Out of Sight, If Not Out of Mind

Denver’s Closetbox takes all of the onerous heavy lifting and moving out of self-storage.


Courtesy Closetbox

Marcus Mollmann knows what it feels like to need some space. The banker-turned-real-estate-investor-turned-entrepreneur struck upon the idea for his self-storage company, Closetbox, after struggling to raise four kids in a house without enough square footage to accommodate his family. Closetbox—on a mission to make one of life’s most cumbersome tasks about as difficult as ordering a pizza—offers full- service pickup, storage and return of household items in 75 cities across the country. The company promises “No truck rentals. No heavy lifting. No hauling it yourself ” and offers services ranging from 5’ x 5’ closet storage to 10’ x 20’ storage, enough for 3+ rooms’ worth of items. We chatted with Mollmann about his professional background, his inspiration for Closetbox and the challenges of balancing fatherhood with life as a CEO.

How did Closetbox get started?
The way most businesses do: circumstance and necessity. In 2013, my wife and I had twins, and our family doubled—from two to four children. We wanted to turn our dining room into a playroom, but that involved moving this huge dresser down into the basement. I couldn’t move it on my own, and my wife, having just given birth, wasn’t able to help me. And at 38, with four kids—how do I put this? You’re not exactly surrounded by close friends who want to come over and help you lug heavy furniture around. We needed some help. And that instilled this idea in me, that people all over the country were probably experiencing the same thing.

What did the company look like in its early stages?
A couple of months after the dining room/playroom problem, we decided to sell our house. Our realtor told us flat out, “The place is too cramped. It looks too small. I can’t market it looking this small. You have to move some stuff out.” Well, as I said, my wife and I could barely open a pickle jar between the two of us. We both had a baby in each arm, so it was hard for us to move things ourselves. Our realtor said, “There’s a storage unit down the street. Why don’t you put your stuff in there?” I basically told him, yes, I know there’s a storage unit nearby, but that’s not really helpful to me, because I have no way of getting my stuff there. Of course, the realtor didn’t want to help me haul things around, so I had to do it on my own. I rented a truck and got started. After that, the conviction really hit home: No one, I said to myself, should have to struggle in this position. There needs to be a solution. I started building some technology that would connect people to easy, affordable self-storage solutions. Hence, Closetbox was born.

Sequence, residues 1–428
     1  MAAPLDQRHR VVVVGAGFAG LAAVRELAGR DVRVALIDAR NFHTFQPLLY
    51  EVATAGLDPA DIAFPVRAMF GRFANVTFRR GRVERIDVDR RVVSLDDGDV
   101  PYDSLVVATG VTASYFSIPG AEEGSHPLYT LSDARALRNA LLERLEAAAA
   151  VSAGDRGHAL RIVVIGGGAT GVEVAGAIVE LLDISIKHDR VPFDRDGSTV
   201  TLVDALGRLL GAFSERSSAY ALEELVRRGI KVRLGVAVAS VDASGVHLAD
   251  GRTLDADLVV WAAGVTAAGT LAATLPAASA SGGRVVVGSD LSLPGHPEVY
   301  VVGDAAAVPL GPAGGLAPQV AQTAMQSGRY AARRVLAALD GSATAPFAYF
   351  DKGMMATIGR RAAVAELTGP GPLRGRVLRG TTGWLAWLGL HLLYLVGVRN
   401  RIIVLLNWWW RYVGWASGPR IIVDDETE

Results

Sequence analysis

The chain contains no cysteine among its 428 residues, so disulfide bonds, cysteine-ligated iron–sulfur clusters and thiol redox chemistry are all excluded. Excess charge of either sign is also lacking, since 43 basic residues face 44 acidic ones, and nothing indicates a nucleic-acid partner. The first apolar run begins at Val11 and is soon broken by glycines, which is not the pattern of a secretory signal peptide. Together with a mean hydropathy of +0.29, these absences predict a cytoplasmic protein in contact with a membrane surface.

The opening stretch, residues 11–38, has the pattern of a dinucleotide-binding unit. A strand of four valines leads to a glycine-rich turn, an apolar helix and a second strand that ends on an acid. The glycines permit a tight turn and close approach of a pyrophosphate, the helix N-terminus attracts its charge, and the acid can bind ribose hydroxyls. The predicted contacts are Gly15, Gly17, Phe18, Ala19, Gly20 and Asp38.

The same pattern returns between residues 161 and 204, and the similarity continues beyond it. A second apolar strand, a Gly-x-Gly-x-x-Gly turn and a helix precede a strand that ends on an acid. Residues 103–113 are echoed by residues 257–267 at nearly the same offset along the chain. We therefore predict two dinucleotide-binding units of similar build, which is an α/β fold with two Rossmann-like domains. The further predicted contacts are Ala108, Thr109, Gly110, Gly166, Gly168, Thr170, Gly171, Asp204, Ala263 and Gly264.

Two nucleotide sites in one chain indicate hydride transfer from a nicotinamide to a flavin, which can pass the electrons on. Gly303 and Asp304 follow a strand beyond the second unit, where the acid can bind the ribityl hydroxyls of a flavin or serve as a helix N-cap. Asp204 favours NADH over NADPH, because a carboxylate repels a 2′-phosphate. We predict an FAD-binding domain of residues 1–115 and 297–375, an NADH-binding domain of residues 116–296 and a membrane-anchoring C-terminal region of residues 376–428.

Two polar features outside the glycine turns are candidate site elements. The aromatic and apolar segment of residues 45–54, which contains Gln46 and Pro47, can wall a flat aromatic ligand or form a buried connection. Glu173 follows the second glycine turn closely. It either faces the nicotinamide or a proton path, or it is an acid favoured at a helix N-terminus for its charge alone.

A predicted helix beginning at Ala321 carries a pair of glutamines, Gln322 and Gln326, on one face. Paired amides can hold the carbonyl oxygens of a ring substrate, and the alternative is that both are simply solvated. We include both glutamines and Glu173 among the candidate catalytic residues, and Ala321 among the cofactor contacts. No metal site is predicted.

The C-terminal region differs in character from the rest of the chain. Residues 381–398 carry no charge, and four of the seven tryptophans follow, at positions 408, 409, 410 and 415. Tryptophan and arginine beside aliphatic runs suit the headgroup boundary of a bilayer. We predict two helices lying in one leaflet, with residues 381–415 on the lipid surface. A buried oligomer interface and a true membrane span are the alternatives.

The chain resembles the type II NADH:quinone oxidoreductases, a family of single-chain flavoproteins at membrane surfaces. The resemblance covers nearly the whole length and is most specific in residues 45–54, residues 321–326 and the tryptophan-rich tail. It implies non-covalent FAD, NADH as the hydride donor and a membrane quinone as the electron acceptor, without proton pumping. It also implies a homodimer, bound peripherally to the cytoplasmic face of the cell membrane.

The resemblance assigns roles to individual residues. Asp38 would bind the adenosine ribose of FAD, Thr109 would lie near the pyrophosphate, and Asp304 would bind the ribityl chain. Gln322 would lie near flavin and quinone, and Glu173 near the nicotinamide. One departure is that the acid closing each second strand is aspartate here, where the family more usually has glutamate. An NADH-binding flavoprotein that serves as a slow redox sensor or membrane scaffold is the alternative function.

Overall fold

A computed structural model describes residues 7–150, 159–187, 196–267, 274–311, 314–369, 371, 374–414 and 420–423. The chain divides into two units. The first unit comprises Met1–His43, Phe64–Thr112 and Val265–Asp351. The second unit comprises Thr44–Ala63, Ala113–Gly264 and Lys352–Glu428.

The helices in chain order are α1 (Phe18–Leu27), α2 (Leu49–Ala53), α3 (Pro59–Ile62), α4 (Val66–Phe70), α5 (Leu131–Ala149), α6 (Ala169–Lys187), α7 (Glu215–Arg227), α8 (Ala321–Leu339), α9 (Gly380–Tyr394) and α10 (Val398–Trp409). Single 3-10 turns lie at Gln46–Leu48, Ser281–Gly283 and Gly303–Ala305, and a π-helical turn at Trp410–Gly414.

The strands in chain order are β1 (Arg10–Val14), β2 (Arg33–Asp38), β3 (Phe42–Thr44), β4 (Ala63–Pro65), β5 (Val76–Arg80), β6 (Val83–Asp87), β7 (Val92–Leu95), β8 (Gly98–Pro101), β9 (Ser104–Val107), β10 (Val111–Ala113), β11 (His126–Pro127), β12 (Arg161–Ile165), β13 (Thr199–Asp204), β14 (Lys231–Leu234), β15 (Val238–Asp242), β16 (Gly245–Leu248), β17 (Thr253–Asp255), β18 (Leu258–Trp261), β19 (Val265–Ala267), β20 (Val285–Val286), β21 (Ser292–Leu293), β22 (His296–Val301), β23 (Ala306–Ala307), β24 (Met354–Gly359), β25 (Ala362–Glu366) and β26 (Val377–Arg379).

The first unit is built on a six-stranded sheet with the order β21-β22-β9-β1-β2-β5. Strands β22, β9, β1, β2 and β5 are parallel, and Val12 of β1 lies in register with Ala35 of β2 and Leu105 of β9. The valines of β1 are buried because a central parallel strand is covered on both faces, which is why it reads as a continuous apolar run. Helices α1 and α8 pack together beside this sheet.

Do you come from a business background?
Out of college I spent some time in investment banking, to learn about financial markets, and then worked for a little while in government. I got to see a lot of the country through the government job, and I learned a lot about politics. After that, I ended up in business school. Out of school, I spent time in real estate finance. I’ve bounced around quite a bit. I took my finance background and applied it to real estate, and through that process ended up in Denver working for Archstone-Smith, a multi-family real estate investment trust. In the spring of 2007, I left Archstone because I thought the wheels were going to come off the residential market, which they later did. A few other projects followed, and finally I ended up building some technology to help developers refinance properties that had gone bad during the downturn. I sold that business, and then, when I was presented with this problem of having to carry heavy storage items, I immediately saw another business opportunity. I already knew how to build the technology I would need for Closetbox, so I was perfectly set up to begin.

What has been the biggest obstacle to running the company?
The challenge of being both a great dad and a good CEO. That’s an inherent challenge for any parent-entrepreneur, but I do think it’s achievable. It just takes a lot of work and effort. I always try to turn off during the weekends, to be there one hundred percent for the family. A couple days a week, I do work late, or travel. But on the weekends, I keep my mind with my family, not on the business. And that seems to strike the balance.